Fun in the sun in Dublin’s fair city

Bogusboy reports from the Dublin Marathon 2016

dublin_2016_nacConditions were perfect for the 2016 SSE Airtricity Dublin City Marathon on Sunday 30th October. The temperature was a little above the seasonal average and there was neither wind nor rain in sight. The event had captured the imagination of the populace for arguably a number of different reasons. The race was on a Sunday in a departure from tradition and the commemorative medal had received rave reviews. Additionally, the support on the streets has increased significantly in recent years and the course itself, while challenging at times, is good. All of these factors have resulted in an increase in numbers to the point that for the first time the race sold out weeks in advance. Dublin now ranks as the fourth largest marathon in Europe after London, Berlin and Paris. It will only get bigger in the future based on the reviews currently trending.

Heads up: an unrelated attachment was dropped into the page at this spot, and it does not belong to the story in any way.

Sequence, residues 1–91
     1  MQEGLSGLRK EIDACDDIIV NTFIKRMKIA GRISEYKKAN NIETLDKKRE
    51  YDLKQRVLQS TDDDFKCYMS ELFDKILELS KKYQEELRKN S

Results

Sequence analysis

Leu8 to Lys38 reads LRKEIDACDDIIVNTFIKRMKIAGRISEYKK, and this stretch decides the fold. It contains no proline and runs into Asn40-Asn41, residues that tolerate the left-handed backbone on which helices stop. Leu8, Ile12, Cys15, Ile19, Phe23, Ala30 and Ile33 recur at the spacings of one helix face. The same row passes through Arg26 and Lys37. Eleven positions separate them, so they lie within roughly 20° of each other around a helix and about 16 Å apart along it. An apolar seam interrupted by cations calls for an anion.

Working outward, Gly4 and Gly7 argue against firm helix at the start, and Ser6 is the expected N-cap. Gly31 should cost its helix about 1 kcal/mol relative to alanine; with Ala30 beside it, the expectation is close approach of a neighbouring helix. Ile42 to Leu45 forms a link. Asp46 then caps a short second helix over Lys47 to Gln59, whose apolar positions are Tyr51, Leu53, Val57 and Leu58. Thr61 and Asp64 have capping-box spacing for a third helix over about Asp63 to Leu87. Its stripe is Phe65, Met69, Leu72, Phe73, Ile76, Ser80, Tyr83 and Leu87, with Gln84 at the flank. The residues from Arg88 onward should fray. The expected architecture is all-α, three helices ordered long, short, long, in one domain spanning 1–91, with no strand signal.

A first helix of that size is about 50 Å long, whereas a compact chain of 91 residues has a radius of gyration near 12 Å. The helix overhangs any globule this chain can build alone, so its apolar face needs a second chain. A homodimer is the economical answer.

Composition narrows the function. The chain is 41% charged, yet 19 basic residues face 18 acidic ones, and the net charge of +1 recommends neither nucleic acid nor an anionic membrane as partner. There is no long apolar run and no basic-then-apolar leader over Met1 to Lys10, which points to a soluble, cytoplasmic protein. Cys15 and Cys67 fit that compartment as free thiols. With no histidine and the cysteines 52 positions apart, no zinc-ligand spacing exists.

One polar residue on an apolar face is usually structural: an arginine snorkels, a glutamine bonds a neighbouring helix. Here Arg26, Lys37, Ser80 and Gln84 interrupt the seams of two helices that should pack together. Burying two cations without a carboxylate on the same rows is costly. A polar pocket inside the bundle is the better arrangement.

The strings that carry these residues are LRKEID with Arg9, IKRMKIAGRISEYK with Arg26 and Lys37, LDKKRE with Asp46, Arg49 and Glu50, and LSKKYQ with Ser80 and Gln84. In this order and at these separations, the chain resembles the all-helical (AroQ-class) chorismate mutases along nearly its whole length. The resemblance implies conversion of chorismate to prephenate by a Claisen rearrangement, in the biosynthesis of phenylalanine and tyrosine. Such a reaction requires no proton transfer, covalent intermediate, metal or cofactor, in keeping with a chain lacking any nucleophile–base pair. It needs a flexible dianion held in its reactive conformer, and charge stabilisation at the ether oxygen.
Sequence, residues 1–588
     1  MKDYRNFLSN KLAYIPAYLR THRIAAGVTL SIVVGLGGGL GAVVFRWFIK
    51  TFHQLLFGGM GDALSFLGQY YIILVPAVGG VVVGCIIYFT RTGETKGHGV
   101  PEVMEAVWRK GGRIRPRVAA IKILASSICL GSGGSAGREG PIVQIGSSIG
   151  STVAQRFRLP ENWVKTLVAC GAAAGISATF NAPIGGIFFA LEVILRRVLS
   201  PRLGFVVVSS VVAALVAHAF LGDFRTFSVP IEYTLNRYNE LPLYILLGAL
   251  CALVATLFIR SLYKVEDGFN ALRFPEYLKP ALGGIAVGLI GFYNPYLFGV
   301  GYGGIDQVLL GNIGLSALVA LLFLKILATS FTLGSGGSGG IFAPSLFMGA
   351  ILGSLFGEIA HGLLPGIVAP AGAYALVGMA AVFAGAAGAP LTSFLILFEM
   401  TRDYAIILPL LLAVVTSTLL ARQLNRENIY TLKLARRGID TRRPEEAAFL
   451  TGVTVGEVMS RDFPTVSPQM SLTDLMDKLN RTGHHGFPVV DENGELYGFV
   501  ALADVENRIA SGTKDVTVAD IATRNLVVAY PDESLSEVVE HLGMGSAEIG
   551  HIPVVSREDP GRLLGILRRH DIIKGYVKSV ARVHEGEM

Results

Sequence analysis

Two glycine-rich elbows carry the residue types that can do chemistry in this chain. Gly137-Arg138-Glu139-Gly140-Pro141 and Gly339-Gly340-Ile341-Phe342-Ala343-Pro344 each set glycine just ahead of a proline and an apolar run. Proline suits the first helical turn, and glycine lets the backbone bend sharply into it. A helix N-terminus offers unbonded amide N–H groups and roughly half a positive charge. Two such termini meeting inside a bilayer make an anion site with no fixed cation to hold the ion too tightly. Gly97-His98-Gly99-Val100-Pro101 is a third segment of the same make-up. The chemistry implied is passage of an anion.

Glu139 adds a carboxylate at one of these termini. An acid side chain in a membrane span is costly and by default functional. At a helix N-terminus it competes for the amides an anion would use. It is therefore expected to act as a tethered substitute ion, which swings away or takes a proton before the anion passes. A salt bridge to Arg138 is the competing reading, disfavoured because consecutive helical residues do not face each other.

The Newcastle AC athletes had been in training since the end of July; marathon training is a long journey for a single day. We had been to Scarva twice (admittedly once without Ronnie!) and Dundrum too many times to recall! With the hard miles covered the runners were filled with optimism as race day approached. All had their minds set on personal goals and the ever wise pundits had their own views on how things might transpire. Some were more accurate than others.

An impressive PB
dublin_2016_jackLeading the way for NAC was Patrick Higgins, looking to build on and improve his 2015 time. This he achieved with ease, going through halfway in an impressive 1:19. Despite tiring a little in the last three miles he maintained a steady pace and came home in 2:44, 3 minutes inside his PB. With London to look forward to in the spring, a sub 2:40 is a very real possibility. Next home and the only other NAC runner in the illustrious sub 3 club on the day was Jack O’Hare. Again a strong first half (1:25:52) laid the foundation for a top 500 finish out of almost 18,000 finishers. Jack was delighted to cross the line in 2:58:53 and such was his joy that he returned to the city 48 hours later to relive the moment again. Sure as Christy would say, ‘everybody needs a break…’ Some of us enjoy more breaks than others!